YouTube Video

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Day 4, upper chariot

Another early start.

Quick 3.8 miles to pioneer mail picnic site and a nice long morning break. Then on towards desert view trailhead. 6 miles had us winding along ridgetops with views of the salton sea (at least that's what we think it was) and staring hopefully at rocks in search of any tiny hint of shade. After finally finding one spot we were out in flash after we found out a rattlesnake was already there and didn't want to share.

Off trail to our amazing stop at desert view trailhead where we got our first trail magic, ice cold sodas and water. So amazing.

Last few miles rolled on by as we continued down the ridge and finally found shade and our dry camp at chariot canyon along with at least 13 people. And on we go.

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Day 3, stealthy faucet canpground

Well it's official, we made it to Mt Laguna and our first resupply stop. Another early start in the hopes of beating the heat.

11 miles to Mt Laguna and a nice long break as we all sorted through food trying to work out how to eat for 5 days.

With only 6 miles to go we made our way leisurely towards a water faucet and our now stealthy camp back among the bushes. Water is pretty tricky for the next few days so we will see what happens...

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Saturday, April 21, 2012

Day 2, Fred Canyon

Woke up bright and early and headed up out of houser creek towards lake Morena before the heat got to brutal. 60 degrees by 7 am had us worried.

Relaxed at Morena eating snacks and waiting as a few other hikers rolled in. After a nice long break headed towards cottonwood creek and then on towards boulder oaks campground.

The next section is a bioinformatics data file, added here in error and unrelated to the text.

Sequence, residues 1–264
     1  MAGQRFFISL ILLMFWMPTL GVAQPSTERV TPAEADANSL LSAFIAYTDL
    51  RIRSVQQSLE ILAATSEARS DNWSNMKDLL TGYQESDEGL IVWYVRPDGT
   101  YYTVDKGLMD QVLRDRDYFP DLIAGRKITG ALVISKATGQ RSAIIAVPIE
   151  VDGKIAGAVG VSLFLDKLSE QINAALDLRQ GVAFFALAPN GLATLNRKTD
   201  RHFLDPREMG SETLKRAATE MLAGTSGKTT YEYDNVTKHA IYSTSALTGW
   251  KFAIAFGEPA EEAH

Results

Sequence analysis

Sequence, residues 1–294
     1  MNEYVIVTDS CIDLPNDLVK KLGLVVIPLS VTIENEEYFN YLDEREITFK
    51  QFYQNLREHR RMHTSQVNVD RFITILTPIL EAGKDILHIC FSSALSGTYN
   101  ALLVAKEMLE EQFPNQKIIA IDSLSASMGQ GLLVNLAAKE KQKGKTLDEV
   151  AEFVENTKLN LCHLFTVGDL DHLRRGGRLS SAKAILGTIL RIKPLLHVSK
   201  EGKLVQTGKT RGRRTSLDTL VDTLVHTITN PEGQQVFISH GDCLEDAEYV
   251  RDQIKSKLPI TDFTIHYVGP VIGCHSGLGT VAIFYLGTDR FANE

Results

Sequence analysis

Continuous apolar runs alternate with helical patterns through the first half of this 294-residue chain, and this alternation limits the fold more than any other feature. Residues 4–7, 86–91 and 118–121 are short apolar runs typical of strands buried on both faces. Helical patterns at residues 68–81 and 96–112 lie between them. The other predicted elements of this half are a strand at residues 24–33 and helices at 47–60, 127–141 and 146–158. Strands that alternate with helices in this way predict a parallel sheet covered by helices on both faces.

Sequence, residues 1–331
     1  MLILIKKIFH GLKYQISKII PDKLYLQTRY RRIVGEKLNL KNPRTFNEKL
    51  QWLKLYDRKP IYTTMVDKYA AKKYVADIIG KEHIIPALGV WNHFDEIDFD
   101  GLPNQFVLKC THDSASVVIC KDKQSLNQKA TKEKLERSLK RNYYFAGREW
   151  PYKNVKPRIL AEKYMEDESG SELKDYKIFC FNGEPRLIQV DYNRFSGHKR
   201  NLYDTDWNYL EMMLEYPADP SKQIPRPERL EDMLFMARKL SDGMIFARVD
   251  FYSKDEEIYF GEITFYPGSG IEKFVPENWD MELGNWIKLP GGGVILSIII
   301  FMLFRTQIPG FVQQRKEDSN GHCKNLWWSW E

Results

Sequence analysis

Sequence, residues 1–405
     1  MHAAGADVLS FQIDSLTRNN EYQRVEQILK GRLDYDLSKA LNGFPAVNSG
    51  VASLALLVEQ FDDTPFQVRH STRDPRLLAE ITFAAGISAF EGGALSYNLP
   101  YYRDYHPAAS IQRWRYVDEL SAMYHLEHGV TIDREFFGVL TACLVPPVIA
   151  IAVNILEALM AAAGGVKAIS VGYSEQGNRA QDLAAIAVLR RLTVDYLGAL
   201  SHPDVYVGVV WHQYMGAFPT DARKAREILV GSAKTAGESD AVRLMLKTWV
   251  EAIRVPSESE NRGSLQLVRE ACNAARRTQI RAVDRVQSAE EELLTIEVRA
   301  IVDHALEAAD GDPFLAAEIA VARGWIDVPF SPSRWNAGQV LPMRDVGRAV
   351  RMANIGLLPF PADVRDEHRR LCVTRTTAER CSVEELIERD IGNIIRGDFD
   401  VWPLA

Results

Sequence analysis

Attempted to beat a bit of the heat by sitting under the trees at boulder oaks campground and enjoying the water faucet. After that was a climb out of the canyon in 90 plus heat with zero breeze. Definitely an energy sapper. Visibly slowing with achy feet we stopped at Fred canyon. About 16 miles from our start. Right now a total of 7 hikers here with a few more probably appearing before dark. Going to hit up Mt Laguna for our resupply and figure it out from thee. I've cream is the talk of the day.

Day 1, rattles and beestings, aka Hauser Creek

Made it to the border bright and early, a giant fence stretching in either direction with a cool PCT monument. A total of ten of us started out from scout and frodos (trail angels who put us up for the night and drive us to the trailhead at 6 am) this morning to tackle the PCT.

Now remember that small steps plan, well along with that my biggest goal has been to pace myself. I tend to get a little carried away and push myself to soon, ending up bitter and injured. I would hate to have to bail early due to injury so slow and steady is the plan.

Ended up going about 16 miles to Hauser Creek where 5 other folks from this morning have also stopped. A few haven't made it quite yet but should be getting here soon.

The hike was fantastic, winding up and through surprisingly green desert, although at over 90 degrees with no breeze it was no cakewalk. All part of the journey right?

I have the luck of being the only hiker today to startle 2 gigantic rattlesnakes, one in the grass and one right at eye level in a boulder just to keep it interesting. Also managed to get stung by 2 bees but nothing swelled up and I now have the nice habit of flinching and setting out at a dead run when I hear buzzing or rattles much to the amusement of my fellow hikers.

Luckily enough there is water in our campsite that doesn't look to awful and the long climb out of the canyon won't be tacked until the cool morning. Life is good.

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Tuesday, April 17, 2012

Small steps

I've been told that the best way to tackle this journey is to break it down in your head. When you say two thousand six hundred and so miles it sounds ridiculous. But if you say, today I am walking to point x and just focus on that it, then hopefully it will all be at least a little less daunting. So today the goal is to get to amtrak and get on my bus heading down south, without forgetting anything too critical. And Thursday, well that's the border and right now That's enough to know. Because on Thursday this whole thing really starts.

And now an incredibly short video of my dog just to see if I can actually post a video on this thing.

YouTube Video

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Sunday, April 15, 2012